Drop Shadow

Basic troubleshooting

When your code isn’t doing what you think it ought to be doing, you need to examine and test your code to pinpoint where the problem lies. You need to be able to describe what the code is doing wrong, in addition to what is being displayed wrong in the browser.

These tests are easy and quick, and will help you discover where the problem lies in order to ask a coworker for assistance, and even perhaps to discover where the solution lies.

  1. Indent your code according to our style guidelines. This can show you where the logic is failing, whether it’s a missing close brace, a misplaced ENDIF, or an ELSE attached to the wrong IF. It is also a necessity if you want to ask someone else to look at your code and understand the expected logic and flow enough to assist you.
  2. Validate your HTML. Validation takes mere seconds, and it can find obscure issues with unclosed tags, tags in the wrong places, duplicate ids, and misspelled attributes, that can cause havoc with JavaScript and with how your HTML is parsed by browsers.
  3. View source from the browser. This shows you the exact HTML that is generated by your code. You are expecting the HTML to display in a certain way, but it isn’t. But that’s not really what you’re expecting. You are expecting a specific HTML. So look at the HTML itself to make sure that’s the HTML you're getting. Viewing the HTML can also quickly tell you whether spurious HTML comes from PHP or JavaScript: PHP generates HTML on the server, so it will show in the source; JavaScript creates its HTML in the browser, so it will not show in the source.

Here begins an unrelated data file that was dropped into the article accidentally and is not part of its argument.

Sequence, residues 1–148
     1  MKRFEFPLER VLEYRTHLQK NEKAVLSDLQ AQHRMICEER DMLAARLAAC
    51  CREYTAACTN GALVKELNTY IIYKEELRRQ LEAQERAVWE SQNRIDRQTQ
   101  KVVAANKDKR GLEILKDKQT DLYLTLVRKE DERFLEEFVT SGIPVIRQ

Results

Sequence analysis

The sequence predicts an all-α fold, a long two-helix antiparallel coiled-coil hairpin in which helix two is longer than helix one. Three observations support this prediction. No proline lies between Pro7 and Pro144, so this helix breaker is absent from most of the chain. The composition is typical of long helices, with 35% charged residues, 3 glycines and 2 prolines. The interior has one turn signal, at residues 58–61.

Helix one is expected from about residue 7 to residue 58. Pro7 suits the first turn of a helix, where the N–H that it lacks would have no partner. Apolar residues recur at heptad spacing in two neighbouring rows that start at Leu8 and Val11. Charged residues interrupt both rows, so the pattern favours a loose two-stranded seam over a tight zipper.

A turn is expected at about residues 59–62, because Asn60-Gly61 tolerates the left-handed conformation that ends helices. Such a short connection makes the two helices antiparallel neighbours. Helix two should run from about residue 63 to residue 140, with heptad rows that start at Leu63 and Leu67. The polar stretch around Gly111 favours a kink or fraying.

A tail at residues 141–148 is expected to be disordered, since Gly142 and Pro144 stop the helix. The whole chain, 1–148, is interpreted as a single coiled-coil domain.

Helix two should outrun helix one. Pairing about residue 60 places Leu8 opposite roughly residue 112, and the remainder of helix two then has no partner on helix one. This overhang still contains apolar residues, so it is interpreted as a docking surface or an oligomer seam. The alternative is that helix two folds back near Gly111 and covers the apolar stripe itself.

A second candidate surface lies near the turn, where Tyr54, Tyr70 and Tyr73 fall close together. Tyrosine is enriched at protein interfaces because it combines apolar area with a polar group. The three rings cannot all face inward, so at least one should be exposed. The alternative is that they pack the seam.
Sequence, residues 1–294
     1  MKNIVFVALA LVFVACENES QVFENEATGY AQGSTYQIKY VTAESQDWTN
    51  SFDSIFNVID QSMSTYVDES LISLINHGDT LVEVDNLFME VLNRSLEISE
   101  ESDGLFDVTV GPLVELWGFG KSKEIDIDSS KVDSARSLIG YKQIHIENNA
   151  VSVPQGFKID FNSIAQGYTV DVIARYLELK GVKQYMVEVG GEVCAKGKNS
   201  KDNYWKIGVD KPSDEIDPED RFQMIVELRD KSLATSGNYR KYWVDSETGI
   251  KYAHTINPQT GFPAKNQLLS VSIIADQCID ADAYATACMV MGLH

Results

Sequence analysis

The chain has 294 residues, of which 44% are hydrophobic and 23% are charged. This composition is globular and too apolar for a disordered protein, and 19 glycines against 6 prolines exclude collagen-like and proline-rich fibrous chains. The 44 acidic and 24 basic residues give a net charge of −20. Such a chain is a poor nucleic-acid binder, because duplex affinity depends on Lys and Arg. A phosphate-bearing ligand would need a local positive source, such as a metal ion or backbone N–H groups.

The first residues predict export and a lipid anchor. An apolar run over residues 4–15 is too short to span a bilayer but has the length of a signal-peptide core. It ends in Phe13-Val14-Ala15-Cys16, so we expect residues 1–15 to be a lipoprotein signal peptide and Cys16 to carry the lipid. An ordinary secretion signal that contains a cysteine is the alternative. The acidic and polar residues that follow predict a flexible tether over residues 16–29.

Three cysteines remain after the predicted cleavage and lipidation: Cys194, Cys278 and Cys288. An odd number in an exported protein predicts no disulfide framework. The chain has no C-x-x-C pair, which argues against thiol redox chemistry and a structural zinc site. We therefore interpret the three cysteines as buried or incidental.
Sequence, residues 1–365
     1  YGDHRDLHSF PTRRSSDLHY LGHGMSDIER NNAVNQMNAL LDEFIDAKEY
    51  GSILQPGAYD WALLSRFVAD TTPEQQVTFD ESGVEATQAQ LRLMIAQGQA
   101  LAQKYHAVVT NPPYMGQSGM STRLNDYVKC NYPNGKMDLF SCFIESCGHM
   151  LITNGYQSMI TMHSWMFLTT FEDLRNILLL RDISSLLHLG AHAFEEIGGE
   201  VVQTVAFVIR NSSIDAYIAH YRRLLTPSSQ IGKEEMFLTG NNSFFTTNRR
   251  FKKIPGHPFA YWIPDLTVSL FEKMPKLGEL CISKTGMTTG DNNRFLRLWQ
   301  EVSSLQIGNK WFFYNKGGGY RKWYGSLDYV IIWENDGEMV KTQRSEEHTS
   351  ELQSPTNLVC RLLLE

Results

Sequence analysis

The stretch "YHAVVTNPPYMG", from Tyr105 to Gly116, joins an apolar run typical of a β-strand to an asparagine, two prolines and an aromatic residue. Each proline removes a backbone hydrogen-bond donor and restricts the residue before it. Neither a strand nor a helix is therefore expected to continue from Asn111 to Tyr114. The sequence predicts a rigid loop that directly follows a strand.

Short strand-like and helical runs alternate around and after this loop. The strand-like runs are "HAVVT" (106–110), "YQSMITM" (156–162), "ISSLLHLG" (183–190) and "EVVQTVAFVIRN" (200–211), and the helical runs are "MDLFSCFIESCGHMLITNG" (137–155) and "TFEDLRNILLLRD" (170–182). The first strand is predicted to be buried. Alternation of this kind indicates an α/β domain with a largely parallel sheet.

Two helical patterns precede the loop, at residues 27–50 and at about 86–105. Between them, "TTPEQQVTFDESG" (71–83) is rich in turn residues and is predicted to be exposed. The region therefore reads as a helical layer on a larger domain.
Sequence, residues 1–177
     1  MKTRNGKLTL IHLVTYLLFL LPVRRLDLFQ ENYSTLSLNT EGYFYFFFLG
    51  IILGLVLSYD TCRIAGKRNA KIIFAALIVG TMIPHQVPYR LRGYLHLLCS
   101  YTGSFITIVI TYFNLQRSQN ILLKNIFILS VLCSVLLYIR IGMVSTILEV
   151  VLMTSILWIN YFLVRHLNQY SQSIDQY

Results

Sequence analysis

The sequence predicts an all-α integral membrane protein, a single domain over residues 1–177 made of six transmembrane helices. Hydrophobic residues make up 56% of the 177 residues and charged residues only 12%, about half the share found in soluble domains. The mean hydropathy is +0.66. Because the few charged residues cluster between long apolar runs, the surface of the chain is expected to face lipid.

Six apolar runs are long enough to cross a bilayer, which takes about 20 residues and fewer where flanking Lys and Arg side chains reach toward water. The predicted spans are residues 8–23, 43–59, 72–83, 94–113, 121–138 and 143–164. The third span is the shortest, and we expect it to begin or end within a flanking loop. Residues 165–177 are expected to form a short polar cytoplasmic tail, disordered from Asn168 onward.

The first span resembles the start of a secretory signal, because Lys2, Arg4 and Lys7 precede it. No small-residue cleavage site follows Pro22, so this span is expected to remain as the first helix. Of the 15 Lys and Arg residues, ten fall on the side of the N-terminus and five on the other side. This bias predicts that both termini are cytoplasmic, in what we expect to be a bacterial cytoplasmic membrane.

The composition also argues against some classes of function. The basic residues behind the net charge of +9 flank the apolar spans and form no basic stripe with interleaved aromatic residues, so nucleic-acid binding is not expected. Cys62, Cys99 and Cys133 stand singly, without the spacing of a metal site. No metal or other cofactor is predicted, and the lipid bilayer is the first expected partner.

4. If it involves PHP, add the PHP test lines to the very top of your code. If the page doesn’t display at all, run it through command-line php. But be careful for errors that only show up on the command line, such as MySQL connections that are forbidden except from the server. These errors can become red herrings that waste your time. Only trust the command line over warnings displayed by PHP in the browser if the page isn’t displaying any warnings at all.
  5. If it involves a PHP variable, use print_r to make sure that the variable contains what you think it contains. echo '<pre>VariableName:'; print_r($variable); echo '</pre>';
  6. If it involves JavaScript, look at your browser’s JavaScript error console.
  7. When asking a colleague for assistance, describe the problem in terms of the HTML and the code that generates it. Since you’ve viewed source and you know what is generating that source, you should now be able to describe the problem in terms of what the code is doing, in addition to or rather than how the code is displaying. Often, describing the problem shows you where the error is.
  8. If you choose to troubleshoot further, make guesses, not assumptions. Assumptions permanently restrict your ability to find the true error. Guesses focus your attention temporarily on a specific part of the code. Many of your assumptions will be correct, and will not trip you up; but many will also be incorrect, and will make finding the error impossible until you lose the assumption. As a rule of thumb, if you’re ignoring PHP’s warnings and/or errors, or you’re disbelieving what print_r tells you a variable contains, you have made an unsupportable assumption. Turn it into a guess, and test it.